Adaptive estimation of O-D demands for an incident-induced congested freeway under ATIS environment

Debashish Bhattacharjee, Purdue University

Abstract

An integrated freeway traffic management system requires a dynamic traffic control model that operates in real-time and efficiently allocates freeway traffic diversion onto less congested arterials. The distribution of congested freeway traffic onto neighboring arterials is often a cost-effective and practical way to mitigate the effect of non-recurrent congestion on urban freeways. However, the key tasks associated with the redistribution of traffic in the network involve reliable information provision, realistic modeling of driver behavior, and projecting future traffic conditions in the network. All three of these tasks are interdependent, and the accuracy of the driver behavior model contributes to the efficiency and precision of the other two tasks. Hence, it is essential to construct a reliable, realistic, and real-time driver behavior modeling framework that can efficiently represent drivers' dynamic route switching behavior. While it is difficult to capture individual travel behavior characteristics in the field using currently available technology, it is relatively easy to obtain aggregate level responses in real-time. This research proposes an aggregate level dynamic route diversion model framework that can adapt to rapidly varying traffic characteristics as well as to short term and long term changes in drivers' route choice behaviors. A Bayesian updating framework was developed to update the time varying parameters of the aggregate diversion model.^ The proposed route diversion model updating strategy was integrated with an adaptive freeway origin-destination (O-D) flow estimation framework. The framework was applied to estimate time-dependent O-D flow matrices in a test freeway network in northern Indiana under incident induced congested situations. Data required for the models were generated using INTEGRATION, a traffic simulation software developed at Queen's University, Kingston, Canada. Experimental results showed significant improvement in O-D estimates when the route diversion propensity of drivers was properly accounted for. The adaptive characteristics of the route diversion model were captured using a Dynamic Linear Model which proved to be a computationally efficient approach yielding satisfactory predictions. ^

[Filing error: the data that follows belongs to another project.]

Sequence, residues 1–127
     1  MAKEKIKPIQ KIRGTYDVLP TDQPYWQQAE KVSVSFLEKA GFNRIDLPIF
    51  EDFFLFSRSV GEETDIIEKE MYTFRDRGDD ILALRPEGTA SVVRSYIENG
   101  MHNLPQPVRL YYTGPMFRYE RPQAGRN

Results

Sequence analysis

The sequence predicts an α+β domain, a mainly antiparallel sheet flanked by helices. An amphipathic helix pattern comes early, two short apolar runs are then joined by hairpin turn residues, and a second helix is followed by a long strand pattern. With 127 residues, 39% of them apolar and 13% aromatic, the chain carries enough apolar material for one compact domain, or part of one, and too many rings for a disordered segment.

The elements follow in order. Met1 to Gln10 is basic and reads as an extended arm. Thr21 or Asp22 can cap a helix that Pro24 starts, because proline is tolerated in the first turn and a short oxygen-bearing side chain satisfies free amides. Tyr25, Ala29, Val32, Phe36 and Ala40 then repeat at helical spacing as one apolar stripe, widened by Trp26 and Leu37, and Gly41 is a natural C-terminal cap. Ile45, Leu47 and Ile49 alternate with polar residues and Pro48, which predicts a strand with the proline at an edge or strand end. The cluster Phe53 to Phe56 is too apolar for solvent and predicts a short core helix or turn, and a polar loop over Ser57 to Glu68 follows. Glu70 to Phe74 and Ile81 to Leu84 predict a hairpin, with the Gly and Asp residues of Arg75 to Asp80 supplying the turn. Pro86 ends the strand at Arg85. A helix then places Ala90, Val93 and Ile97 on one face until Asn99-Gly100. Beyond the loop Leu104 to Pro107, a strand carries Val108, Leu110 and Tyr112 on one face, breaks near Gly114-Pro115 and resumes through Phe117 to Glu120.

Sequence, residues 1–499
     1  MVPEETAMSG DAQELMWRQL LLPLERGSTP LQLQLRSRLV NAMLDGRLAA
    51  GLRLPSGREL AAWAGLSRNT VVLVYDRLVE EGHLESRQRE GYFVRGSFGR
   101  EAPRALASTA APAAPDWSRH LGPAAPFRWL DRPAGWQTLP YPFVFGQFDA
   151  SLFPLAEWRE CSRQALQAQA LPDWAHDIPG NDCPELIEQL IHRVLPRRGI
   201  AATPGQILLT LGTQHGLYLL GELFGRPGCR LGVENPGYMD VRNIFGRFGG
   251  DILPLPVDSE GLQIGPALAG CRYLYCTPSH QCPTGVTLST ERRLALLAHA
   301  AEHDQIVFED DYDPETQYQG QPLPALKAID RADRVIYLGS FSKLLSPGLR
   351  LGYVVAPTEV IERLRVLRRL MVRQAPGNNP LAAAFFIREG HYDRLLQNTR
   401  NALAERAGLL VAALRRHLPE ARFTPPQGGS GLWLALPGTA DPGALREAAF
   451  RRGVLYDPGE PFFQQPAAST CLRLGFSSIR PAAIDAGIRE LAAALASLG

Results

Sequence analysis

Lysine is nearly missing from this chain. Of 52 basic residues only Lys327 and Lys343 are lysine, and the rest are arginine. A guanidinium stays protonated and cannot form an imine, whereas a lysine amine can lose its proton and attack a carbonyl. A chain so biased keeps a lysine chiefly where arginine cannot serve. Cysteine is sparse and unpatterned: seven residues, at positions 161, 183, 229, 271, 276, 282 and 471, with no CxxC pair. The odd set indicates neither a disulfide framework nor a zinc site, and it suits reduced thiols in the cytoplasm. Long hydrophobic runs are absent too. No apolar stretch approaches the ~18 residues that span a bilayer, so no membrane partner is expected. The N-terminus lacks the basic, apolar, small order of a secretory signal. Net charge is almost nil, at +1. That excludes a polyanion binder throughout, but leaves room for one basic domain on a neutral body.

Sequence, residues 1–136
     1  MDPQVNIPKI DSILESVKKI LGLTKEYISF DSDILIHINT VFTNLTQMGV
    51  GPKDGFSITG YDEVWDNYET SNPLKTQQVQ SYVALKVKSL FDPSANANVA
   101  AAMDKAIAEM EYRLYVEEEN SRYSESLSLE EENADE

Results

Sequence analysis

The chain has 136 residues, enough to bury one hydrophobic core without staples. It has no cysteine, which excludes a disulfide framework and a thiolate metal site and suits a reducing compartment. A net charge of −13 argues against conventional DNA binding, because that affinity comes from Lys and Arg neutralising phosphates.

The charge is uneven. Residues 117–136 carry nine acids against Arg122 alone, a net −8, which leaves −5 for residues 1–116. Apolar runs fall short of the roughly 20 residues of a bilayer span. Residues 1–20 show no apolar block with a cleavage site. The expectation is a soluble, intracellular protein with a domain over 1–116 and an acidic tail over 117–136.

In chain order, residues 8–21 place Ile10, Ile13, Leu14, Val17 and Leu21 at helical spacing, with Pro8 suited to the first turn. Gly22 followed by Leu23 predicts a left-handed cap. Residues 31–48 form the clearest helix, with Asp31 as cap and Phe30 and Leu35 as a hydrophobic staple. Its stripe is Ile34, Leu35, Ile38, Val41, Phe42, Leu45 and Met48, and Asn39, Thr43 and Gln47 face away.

Degree

Ph.D.

Advisors

Major Professors: Kumares C. Sinha, Purdue University, James V. Krogmeier, Purdue University.

Subject Area

Engineering, Civil|Transportation

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